Man at the Istana

GUiT News
GUiT at the Singapore Writers Festival
GUiT will be launched by Monsoon Books at the Singapore Book Publishers Association Book Launch at the Writers Festival, 7th December, 6 pm, in the Earshot Café/Bookshop on the ground floor of The Arts House. I hope to be there to read a few lines from GUiT and sign a few copies. See you there!

Read reviews of GUiT by Tunku Halim, Lydia Teh, Elviza, Tengku Ali Bustaman (Pok Ku).

Probsthain BookshopIf you are in London, Growing Up in Trengganu is now available from Stanfords, the travel bookshop in Long Acre, Covent Garden and from Probsthain's @ Great Russell St., WC1 (opp. the British Museum; see picture, left) and at their branch in the Brunei Gallery, SOAS (London University).

Latest News:
In Kuala Terengganu GUiT is now available @ the shop formerly known as Keda Pök Löh Yunang (now Alam Akademik, 12 Jalan Bandar, Kuala Terengganu).
In Kuala Lumpur: Kinokuniya, Times bookshops, and MPH.
Elsewhere: You may place your order on-line from
Kinokuniya or MPH
"A beautiful book, very well written and with its vignettes of life it tells so much about the Malays - far more than one can get from academic studies."
— Frederick Lees,
author, Fool's Gold; The Arthuriad; The Rape of Rye; etc.

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Saturday, November 24, 2007

Under the Weather

Looking out of the window now in these northern climes, to fallen autumn leaves on wet ground and the day in haze through rain-smeared window panes; spray-filled air under a massive, dull dome of clouds, I am reminded of the season of jo'ong.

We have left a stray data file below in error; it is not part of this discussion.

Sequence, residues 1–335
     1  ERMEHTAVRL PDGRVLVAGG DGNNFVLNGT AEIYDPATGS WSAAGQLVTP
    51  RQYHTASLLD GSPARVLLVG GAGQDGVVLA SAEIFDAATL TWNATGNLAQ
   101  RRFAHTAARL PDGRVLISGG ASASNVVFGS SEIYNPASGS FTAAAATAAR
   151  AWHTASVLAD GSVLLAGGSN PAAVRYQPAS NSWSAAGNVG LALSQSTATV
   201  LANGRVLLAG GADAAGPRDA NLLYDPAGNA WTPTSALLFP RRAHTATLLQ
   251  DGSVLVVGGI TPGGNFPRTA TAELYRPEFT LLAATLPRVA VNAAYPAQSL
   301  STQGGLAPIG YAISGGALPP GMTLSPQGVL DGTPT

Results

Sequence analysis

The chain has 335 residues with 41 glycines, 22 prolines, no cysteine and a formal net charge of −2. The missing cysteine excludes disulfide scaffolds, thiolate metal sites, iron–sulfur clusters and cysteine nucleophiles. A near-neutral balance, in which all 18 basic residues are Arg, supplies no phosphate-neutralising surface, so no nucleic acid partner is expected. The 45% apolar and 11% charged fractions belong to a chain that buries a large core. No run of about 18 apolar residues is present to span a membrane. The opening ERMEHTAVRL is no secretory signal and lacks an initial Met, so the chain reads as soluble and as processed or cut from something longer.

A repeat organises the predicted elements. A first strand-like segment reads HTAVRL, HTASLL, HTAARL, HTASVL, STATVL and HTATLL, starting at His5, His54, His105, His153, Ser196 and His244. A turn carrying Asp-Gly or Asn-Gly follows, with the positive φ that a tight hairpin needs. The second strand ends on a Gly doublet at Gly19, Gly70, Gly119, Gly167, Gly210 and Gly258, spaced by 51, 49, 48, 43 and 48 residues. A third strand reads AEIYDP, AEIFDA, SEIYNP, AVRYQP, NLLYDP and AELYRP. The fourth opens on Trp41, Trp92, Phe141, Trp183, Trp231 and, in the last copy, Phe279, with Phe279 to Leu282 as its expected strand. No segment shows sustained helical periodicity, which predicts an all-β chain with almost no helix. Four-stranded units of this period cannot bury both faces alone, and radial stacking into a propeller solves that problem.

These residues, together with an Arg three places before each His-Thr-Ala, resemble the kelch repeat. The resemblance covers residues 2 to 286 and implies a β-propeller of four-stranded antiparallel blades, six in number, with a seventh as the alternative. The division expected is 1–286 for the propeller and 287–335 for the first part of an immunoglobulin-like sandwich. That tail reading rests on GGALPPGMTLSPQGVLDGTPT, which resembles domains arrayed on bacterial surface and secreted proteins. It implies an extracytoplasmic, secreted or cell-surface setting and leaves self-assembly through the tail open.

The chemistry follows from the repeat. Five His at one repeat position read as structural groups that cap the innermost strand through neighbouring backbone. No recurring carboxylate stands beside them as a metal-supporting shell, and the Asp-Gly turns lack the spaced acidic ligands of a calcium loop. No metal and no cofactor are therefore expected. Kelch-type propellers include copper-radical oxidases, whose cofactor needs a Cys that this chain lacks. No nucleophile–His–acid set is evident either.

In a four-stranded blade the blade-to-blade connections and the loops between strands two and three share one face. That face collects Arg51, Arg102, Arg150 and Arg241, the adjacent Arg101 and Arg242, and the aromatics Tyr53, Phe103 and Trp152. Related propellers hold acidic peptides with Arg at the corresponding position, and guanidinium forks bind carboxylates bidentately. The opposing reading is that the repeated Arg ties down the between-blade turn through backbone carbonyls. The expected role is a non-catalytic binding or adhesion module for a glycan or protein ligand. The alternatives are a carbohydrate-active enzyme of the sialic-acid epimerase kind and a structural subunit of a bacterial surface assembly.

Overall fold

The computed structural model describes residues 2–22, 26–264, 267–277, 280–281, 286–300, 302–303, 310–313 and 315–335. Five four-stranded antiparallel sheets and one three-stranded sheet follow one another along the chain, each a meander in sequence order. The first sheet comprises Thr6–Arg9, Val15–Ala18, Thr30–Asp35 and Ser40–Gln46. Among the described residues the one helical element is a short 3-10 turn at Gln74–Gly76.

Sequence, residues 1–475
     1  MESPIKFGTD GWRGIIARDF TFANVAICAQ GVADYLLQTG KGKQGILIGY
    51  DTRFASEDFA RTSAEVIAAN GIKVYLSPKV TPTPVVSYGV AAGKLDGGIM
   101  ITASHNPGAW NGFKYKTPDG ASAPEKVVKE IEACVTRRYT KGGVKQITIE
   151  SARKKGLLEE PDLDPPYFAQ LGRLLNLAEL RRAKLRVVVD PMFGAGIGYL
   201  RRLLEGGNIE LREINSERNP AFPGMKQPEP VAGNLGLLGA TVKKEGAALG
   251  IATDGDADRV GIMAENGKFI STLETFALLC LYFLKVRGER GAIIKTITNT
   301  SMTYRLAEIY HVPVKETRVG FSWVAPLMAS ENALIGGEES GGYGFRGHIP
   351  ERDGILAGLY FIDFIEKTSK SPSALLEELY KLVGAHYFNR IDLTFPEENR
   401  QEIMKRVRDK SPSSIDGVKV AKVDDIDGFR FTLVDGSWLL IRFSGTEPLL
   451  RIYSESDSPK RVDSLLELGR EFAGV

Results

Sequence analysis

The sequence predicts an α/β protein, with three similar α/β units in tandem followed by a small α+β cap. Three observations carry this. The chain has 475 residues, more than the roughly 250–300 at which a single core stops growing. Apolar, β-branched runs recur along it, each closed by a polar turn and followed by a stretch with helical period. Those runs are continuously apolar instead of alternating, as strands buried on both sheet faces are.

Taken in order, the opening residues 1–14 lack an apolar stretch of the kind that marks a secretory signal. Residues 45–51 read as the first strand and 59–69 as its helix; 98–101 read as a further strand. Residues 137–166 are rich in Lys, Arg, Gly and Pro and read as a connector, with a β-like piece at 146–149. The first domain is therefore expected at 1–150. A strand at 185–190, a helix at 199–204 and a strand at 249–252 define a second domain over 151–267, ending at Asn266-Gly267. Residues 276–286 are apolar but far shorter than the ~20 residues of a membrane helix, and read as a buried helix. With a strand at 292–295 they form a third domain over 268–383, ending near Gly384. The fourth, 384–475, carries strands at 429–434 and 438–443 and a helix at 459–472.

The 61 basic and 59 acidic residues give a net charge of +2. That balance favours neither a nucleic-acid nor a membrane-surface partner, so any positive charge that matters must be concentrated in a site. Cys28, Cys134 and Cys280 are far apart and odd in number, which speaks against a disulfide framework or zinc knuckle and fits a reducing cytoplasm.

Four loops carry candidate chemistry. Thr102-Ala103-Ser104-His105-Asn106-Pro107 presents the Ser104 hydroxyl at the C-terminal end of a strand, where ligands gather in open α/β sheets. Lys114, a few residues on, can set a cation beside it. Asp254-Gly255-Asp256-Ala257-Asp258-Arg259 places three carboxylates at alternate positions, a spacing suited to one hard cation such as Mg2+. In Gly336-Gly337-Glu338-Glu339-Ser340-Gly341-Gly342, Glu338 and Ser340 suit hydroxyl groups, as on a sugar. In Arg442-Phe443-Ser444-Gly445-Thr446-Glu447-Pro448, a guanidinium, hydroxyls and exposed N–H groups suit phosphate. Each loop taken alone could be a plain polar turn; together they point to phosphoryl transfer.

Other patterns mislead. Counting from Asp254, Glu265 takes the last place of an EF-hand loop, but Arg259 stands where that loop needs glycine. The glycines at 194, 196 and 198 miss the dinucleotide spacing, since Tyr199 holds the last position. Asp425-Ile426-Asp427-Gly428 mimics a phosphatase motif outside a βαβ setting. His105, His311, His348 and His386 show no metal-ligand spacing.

Jo'ong made no burdens on our idle minds if there was the right food for thought. Normally it was ubi kayu in a pot of water with a dollop of salt, left to boil until the starch in the tapioca softened and its centre core took the cooked tapioca sheen of pearl and its thin spindle in the centre could be pulled or spat out. From the steaming pot it is taken out and laid onto a plate, beside a heap of sugar or coconut shavings mixed with salt. Mother sometimes threw a cooking banana (raja embong or bakaran) into the fire that was boiling some other noon-time dish in the belanga earthen pot. From out of our market-facing window we could see the upstream people (li. orang darat) running in the thin threads of rain that broke into splatters on their samir, a stiff cape made from dried leaves of the pandan, but for comfort in the weather they carried with them teh tarik piping-hot, in thuribles made from emptied condensed milk cans that had a ring of raffia attached as finger handle to their tops. Jo'ong was sad as it sounds, it was the monsoon, darkened sky, gusts of wind, and rain for weeks on end.

Rain came from everywhere, but in monsoon days the sea beat lashes of waves that foamed in the mouth, like mad dogs roaring and rolling on the sand. Bits of our Tanjong would be eaten by the sea, houses sometimes fell off the edge, water was our life and death, bloated cows washed down the river by mighty floods upstream, sometimes dead people came to rest in our Teluk, grey from days of being soaked in the flood. There were tree trunks and broken boats, and roots and waterlogged grass and tendrils and the buah gomok, a dark flat seed the size of a baby's palm, fallen from mighty trees somewhere in the interior, deep and hidden, parts that we only dreamt about on still, dark nights.

Kuala Trengganu had more people during on a monsoon day than when it was bright. The fishermen were snuggled in their bright sarongs on their veranda at home, kerepok makers were loitering about in search of work, sailors came ashore for fear from being thrashed about en route to Senggora, and Wang Kamang, our perahu besar man was among us, grounded by the winds and rain, ambling about in the kampung, this man who was seasoned by years on the ocean waves, his life showing in his rolling gait.